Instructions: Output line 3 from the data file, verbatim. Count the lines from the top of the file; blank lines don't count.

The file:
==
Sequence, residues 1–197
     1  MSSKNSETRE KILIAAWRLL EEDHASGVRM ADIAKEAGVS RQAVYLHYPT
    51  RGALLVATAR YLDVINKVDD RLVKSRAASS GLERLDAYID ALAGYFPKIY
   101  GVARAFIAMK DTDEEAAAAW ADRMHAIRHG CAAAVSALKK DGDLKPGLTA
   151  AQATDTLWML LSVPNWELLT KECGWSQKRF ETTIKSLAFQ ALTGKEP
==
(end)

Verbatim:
    51  RGALLVATAR YLDVINKVDD RLVKSRAASS GLERLDAYID ALAGYFPKIY